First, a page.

Some Christian denominations have adopted altered versions of the Doxology in the interest of inclusive language or other considerations. Some Disciples of Christ congregations eliminate the masculine pronouns. Some denominations, such as the Anglican Church of Canada (Common Praise), the United Church of Canada (Voices United), and the United Church of Christ (New Century Hymnal), replace "heavenly host" with a reference to God's love. The United Church of Christ version reads:

Praise God from whom all blessings flow;
Praise God, all creatures here below;
Praise God for all that love has done;
Creator, Christ, and Spirit, One.

The Presbyterian Church (USA) accepted this version of the Doxology in 2014 to accompany the Glory to God, the Presbyterian Hymnal. This version was written by the Rev. Neil Weatherhogg, pastor of both the First Presbyterian Church of Kerrville, Texas, and the Harvey Browne Presbyterian Church in Louisville, Kentucky. This version was published by Rev. Weatherhogg in 1990. This hymn maintains Gender neutrality as it does not refer to God in gender specific terminology. It goes:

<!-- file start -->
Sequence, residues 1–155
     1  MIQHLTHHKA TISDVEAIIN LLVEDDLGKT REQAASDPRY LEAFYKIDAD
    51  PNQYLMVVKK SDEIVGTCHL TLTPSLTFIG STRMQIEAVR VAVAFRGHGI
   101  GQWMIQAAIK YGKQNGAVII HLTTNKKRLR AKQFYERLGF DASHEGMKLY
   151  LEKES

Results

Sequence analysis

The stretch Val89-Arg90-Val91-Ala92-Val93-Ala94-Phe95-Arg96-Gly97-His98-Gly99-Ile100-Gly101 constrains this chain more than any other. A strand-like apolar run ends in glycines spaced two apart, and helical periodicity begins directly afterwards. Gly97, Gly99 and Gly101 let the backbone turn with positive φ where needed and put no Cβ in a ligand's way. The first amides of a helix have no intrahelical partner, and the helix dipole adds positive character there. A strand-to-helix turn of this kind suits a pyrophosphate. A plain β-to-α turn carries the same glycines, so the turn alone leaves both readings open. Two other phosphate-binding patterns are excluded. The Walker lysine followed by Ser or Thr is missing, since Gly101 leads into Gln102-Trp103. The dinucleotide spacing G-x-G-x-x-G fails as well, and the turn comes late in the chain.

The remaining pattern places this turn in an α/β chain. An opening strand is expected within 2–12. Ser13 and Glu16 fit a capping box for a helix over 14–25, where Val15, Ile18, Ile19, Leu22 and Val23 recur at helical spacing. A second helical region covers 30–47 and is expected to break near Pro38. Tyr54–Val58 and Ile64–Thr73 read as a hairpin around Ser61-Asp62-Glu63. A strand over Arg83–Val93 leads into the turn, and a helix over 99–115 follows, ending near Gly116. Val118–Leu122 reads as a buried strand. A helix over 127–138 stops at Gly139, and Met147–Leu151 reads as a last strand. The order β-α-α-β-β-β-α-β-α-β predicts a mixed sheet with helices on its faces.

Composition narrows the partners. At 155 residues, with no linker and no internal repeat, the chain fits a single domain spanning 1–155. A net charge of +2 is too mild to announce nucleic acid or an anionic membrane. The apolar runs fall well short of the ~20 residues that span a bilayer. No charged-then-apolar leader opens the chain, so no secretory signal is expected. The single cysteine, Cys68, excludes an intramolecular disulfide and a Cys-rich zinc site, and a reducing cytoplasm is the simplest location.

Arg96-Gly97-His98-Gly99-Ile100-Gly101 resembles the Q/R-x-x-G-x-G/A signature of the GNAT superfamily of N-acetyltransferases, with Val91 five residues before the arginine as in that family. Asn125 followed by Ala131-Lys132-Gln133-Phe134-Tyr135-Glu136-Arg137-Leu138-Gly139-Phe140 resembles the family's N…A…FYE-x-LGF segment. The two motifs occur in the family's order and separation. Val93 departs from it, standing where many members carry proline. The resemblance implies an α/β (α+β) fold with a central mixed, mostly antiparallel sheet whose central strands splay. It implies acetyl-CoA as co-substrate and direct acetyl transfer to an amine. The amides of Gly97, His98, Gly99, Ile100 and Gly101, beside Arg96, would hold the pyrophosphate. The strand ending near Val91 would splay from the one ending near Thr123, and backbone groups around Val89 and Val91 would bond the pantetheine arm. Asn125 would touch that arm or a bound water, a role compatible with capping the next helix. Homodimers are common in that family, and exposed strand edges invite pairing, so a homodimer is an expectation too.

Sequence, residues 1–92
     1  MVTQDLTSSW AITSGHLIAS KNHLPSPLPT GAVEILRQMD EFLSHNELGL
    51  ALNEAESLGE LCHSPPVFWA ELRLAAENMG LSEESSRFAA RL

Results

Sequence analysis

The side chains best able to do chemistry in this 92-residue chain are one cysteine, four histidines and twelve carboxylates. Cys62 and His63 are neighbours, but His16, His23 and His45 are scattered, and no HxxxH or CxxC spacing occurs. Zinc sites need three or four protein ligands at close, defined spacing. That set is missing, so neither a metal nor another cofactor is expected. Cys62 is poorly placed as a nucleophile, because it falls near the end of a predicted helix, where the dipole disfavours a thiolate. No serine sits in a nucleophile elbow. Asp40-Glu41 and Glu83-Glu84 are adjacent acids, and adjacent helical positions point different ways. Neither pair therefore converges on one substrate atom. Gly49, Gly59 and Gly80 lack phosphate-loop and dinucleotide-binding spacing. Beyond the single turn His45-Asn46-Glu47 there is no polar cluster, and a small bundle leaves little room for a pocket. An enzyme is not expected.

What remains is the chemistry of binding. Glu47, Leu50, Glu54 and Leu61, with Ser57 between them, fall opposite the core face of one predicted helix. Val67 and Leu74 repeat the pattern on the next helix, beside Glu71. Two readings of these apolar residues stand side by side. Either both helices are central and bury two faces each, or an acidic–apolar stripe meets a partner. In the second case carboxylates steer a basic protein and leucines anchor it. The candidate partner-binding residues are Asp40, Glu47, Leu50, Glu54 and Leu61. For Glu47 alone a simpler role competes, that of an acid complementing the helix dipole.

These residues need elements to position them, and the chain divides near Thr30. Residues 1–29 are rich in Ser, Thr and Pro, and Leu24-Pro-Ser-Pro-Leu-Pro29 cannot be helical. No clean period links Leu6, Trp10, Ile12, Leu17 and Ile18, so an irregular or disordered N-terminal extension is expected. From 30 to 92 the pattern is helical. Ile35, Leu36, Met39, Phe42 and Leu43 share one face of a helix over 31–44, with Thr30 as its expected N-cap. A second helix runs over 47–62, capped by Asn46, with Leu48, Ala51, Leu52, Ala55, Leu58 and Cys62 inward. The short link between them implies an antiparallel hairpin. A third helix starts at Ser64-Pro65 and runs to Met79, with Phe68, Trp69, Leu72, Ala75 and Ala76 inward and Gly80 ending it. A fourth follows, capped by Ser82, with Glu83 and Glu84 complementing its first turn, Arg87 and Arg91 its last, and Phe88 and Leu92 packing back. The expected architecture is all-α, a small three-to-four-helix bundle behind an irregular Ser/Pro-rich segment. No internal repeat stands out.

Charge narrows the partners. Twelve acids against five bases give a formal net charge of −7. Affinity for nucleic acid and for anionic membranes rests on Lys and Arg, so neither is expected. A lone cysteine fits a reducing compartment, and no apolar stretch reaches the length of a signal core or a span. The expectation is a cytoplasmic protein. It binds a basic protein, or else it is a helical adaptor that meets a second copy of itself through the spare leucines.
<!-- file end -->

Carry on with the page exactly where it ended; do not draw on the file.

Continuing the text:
Praise God from whom all blessings flow;
Praise God, all creatures here below;
Praise God above ye heavenly host;
Praise Triune God, whom we adore

Other versions of this doxology exist as well, with various lyrics, including in the United Methodist Hymnal (#621), (preserving the text change of thy creatures as opposed to the original these creature[13] ) Be Present at Our Table, Lord," which is often sung as grace before meals using the tune "Old 100th;" hymn by John Cennick; tune from the Genevan Psalter, 1551; attributed to Louis Bourgeois:

Be present at our table, Lord;
be here and everywhere adored;
thy creatures bless, and grant that we
may feast in paradise with thee.

Eucharistic doxology[edit]

The Eucharistic Doxology in a stained glass window of St. James' in Glenbeigh

In the Catholic Mass a prose doxology concludes the eucharistic prayer, preceding the Our Father. It is typically sung by the presiding priest along with any concelebrating priests. The Latin text reads: